SIMPLE AND LOCAL:  As per the heuristics SIMPLICITY and LOCAL AVAILABILITY, the campus must be feasible within the scope of Haitian technology and construction methods.  After much research and precedent studies--all resembling those directly below--it became clear that concrete frame with block infill was the most popular and practical.  In this sense, this method of construction does not stretch the technological methods available in Haiti and can build off the strengths of their existing construction industry.  Overhead, wood site-fabricated trusses and metal roofing (Haitian-made of course) take further advantage of the construction methods existing in Haiti.  Additionally, all materials that comprise the building should be found locally with exception given to the wood elements, in which case, Ft. Liberte’s proximity to the Dominican Republic is very beneficial.    


Eben-Ezer Medical Clinic

Final Presentation Boards

Front entrance to the clinic.The expansion to the Eben-Ezer Medical Clinic in Haiti posed several unique problems that resulted in thoughtful results. The programmatic elements already present within the clinic were expanded upon to give the town a larger and more efficient clinic to serve the people of Fort Liberte. The design was driven by eight main heuristics: clear circulation, simple construction, passive ventilation, natural lighting, water collection and filtration, landscape architecture, regional materials, and privacy and security. These goals were implemented into the program: a waiting and check-in area, exam rooms, a lab and pharmacy, observation room, and staff facilities.

Floor Plan

The heuristics were the main driving factor behind many of the design decisions made within the clinic. The clear circulation determined the simple u-shape. This allows patients to clearly find their designated exam space and other key points within the clinic. The consistent eight inch grid overlaying the entire space, allows simple and easy construction for the Haitians. Passive ventilation and natural lighting were a given because of the lack of guaranteed electricity in Haiti. Louvered windows allows for natural light to filter into all interior spaces, as well as to take advantage of the north, north-eastern winds coming off of the neighboring bay. Water collection and filtration is also an important element in the design. There is no current system to provide running water to the people of Haiti, nor is there any filtration system. A system within the clinic would allow the rain water to be collected during the rainy season to provide the clinic with running water when needed.

Front elevation of the clinic.Section of the Eben-Ezer Medical Clinic.The last few heuristics were accomplished by establishing a central courtyard for additional waiting space and an area for educational purposes. The main concrete structure with the lighter wood columns uses common materials already found in Haiti. Iron work used for security purposes also uses regional materials and creates job for the local community. The privacy is accomplished by providing exam rooms for a single patient and curtains around the beds in the observation room. The clinic will provide medical help to the people of Fort Liberte through a simple and thoughtful design.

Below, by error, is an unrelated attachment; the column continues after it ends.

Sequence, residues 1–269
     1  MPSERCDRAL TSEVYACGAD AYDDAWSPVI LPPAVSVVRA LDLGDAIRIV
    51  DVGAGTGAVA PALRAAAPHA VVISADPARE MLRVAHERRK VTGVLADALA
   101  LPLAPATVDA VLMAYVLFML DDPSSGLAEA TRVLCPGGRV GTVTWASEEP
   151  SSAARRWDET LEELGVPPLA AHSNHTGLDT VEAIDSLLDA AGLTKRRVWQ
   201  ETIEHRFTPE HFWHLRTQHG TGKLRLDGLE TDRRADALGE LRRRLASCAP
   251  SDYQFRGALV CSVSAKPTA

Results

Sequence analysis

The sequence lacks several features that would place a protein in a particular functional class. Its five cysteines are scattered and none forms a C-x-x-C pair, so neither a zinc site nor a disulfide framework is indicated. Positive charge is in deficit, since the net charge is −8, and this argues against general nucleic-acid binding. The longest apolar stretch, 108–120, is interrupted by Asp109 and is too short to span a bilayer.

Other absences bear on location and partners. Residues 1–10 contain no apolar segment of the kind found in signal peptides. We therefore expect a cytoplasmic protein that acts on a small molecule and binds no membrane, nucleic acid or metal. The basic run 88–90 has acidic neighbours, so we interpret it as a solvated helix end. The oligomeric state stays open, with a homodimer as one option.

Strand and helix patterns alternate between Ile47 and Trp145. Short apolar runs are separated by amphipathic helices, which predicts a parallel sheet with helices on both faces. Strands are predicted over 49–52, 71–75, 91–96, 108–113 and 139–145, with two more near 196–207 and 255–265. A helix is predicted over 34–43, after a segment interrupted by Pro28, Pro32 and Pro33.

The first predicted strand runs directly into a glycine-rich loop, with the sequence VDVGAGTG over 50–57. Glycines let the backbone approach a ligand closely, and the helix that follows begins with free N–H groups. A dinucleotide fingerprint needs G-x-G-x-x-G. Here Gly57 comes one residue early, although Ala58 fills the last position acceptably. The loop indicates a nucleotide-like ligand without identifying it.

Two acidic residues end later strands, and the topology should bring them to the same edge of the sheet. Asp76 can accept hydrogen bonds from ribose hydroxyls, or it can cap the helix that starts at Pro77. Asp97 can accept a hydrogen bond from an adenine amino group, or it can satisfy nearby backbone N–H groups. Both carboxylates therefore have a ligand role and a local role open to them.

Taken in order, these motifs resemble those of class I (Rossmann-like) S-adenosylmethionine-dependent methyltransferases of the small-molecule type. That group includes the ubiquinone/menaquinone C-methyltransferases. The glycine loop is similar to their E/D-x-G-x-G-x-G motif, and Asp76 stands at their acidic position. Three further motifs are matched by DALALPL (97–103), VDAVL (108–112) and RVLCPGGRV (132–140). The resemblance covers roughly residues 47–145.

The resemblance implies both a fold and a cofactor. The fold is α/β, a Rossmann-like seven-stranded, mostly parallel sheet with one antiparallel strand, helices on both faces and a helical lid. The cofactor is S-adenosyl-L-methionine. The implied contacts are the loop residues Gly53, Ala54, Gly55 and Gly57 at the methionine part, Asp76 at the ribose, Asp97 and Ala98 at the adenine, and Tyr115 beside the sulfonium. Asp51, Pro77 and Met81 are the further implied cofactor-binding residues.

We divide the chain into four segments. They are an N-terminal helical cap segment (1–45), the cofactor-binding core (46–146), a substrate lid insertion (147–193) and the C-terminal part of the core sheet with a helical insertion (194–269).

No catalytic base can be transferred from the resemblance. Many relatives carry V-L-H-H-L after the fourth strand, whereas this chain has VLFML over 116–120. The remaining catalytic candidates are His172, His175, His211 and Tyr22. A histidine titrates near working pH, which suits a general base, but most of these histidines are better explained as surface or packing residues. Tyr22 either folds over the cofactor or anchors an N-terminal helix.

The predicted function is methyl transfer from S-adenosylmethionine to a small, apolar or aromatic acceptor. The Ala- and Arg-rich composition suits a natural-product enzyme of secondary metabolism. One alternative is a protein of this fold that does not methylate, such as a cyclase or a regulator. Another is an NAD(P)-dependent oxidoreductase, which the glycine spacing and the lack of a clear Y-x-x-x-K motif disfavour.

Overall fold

Transitional circulation space between exam rooms and courtyard.


Reflection: After the Foundry

My group (Tiffiny Hall and Alyssa Nealon) presented both the Emergency Medical Response Unit and the schematic design of the Eben-Ezer Medical Clinic expansion.  We felt the mobile medical unit was valuable in the development of the clinic’s expansion.  Many of the lessons learned through the first project were essential in understanding the cultural and medical needs of Haiti; this confidence in our knowledge of the projects and culture helped us communicate more easily with professionals and professors. 

Floor Plan: Program and Square FootageThe Foundry was beneficial in many ways.  The professionals as a whole were very supportive of both our projects and did not point out any glaring issues.  They commended our research, circulation solution, and site usage.  One of our reviewers, who grew up in Southern California, gave us an interesting perspective for design development; she suggested looking at buildings in similar climates and how they address sustainability and circulation—where she thought we could use assistance.

Site Plan: Access and Circulation Parti

From this point, we need to further develop our design.  Many decisions have to be made involving the sectional qualities of the buildings.  The building in plan takes advantage of the sun and wind; however, the section of the building could negate this if not designed correctly.  The concern of non-sheltered circulation is an issue that needs to be addressed.  Also, the materiality and construction methods will greatly affect the look and feel of the environment; research of local materials and methods is needed to determine the best options for our design.

 Sectional Options


Foundry Board Presentation